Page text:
Across America by Bicycle - Katie
I met Katie at the Stoked Spoke Route-Sharing event in downtown Seattle. Katie and her boyfriend, Rob, were actually waiting in line afterwards to talk to me... which went straight to my head and irreparably inflated my ego. In fact, that’s the moment I decided to become a published author (just kidding, that happened when I was seven years old and my parents cooed over a story I wrote about princesses).
Katie and Rob loved my presentation on "Touring Your Own Way," and reported that they'd just finished their first-ever cross country bicycle tour together last summer. Katie confessed that, despite having ridden across the US mere months before this event, she'd felt out of place when the other presenters were sharing their tales of hardcore bike-packing wilderness adventures. She said, “I had to remind myself ‘you freaking rode across the country this summer' to feel confident that I belonged."
"I had to remind myself, 'you freaking rode across the country this summer' to feel confident that I belonged."
This is exactly the stereotype that me & The Adventuress Gang hope to overcome: the chiseled, disciplined athlete on a heavily-loaded bicycle, performing feats of strength and speed that would make Lance Armstrong proud. Some of us are just the opposite: a little out of shape, a little inexperienced, pedaling along at ten miles an hour… and having the time of our lives.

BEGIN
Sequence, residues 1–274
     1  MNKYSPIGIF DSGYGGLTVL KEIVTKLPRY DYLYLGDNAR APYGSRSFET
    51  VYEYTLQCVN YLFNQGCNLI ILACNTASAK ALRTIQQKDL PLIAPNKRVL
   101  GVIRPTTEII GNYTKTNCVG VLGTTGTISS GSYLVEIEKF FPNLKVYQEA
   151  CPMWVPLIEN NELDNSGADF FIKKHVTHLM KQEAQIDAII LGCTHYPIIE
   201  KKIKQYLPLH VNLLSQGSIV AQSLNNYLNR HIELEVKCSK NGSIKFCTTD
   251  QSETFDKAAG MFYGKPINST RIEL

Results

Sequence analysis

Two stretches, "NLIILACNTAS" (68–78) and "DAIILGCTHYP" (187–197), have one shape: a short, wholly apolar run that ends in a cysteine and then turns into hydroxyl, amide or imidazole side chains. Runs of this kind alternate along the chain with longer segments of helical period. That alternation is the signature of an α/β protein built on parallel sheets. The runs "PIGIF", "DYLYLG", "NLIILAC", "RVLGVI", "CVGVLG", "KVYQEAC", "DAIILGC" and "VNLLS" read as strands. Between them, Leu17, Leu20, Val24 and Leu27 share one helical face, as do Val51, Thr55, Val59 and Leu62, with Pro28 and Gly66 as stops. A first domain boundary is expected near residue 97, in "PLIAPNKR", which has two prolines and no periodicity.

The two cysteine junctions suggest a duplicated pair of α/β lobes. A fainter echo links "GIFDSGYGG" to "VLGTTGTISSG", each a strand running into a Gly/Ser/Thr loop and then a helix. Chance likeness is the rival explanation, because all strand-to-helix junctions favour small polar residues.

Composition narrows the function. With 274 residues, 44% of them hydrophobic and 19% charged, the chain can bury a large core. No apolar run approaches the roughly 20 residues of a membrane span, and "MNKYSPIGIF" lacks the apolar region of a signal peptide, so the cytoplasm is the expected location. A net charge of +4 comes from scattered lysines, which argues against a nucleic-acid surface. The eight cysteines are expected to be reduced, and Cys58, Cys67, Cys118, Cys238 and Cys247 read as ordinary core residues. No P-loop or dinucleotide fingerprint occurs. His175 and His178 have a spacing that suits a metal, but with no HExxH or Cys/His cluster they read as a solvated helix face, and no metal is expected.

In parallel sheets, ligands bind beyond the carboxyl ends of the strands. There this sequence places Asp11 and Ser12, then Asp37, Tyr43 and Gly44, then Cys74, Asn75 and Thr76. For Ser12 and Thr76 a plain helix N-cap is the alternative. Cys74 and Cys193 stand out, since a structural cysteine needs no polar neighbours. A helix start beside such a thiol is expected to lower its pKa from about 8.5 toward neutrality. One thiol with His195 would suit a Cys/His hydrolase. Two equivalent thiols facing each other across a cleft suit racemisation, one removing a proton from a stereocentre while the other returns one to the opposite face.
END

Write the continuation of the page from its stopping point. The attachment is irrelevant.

Hi Katie! Why’d you agree to do this interview with me?
I’m sharing all this because feeling intimidated can be a major discouragement, but we all feel it. The fear dies away when you start your journey. Yes, preparing can be useful, but what I found more comforting was knowing that you will learn along the way. You don’t need to know everything when you start. You will screw up, and you will figure things out. The rest of us are all screw-ups too.
How did you fall in love with bicycling?
What got me riding in the first place (and what’s kept me riding) is this feeling of freedom. You can go anywhere under your own power. No bus to wait for or car to park and maintain: it’s little you on your two little wheels facing a much larger world. It’s the act of being both humble and self sufficient, and there’s a peace in that.
My first bike as an adult was a beater that I bought off Craigslist in Boston. I was terrified to ride it and was convinced that it would sit unused in my small apartment where I would have to face this “money pit" of a purchase everyday. The first few times I rode it I’m certain my hands broke out in a cold sweat, and I did not enjoy it.
I kept at it, and my shorter trips on quiet streets gradually became longer trips on busier streets. City riding still makes me nervous, and I think that’s healthy. My nerves force me to pay attention and to never get too comfortable or unsafe.
"You will screw up, and you will figure things out. The rest of us are all screw-ups too."
I have bungeed many weird and bulky items onto various parts of my bike including: tires, 12-packs of glass jars, a rotisserie chicken, a cookie jar, 12-packs of paper towels, etc. Asking yourself “can I bungee that?” introduces a fun challenge that is mildly embarrassing for you on the ride home.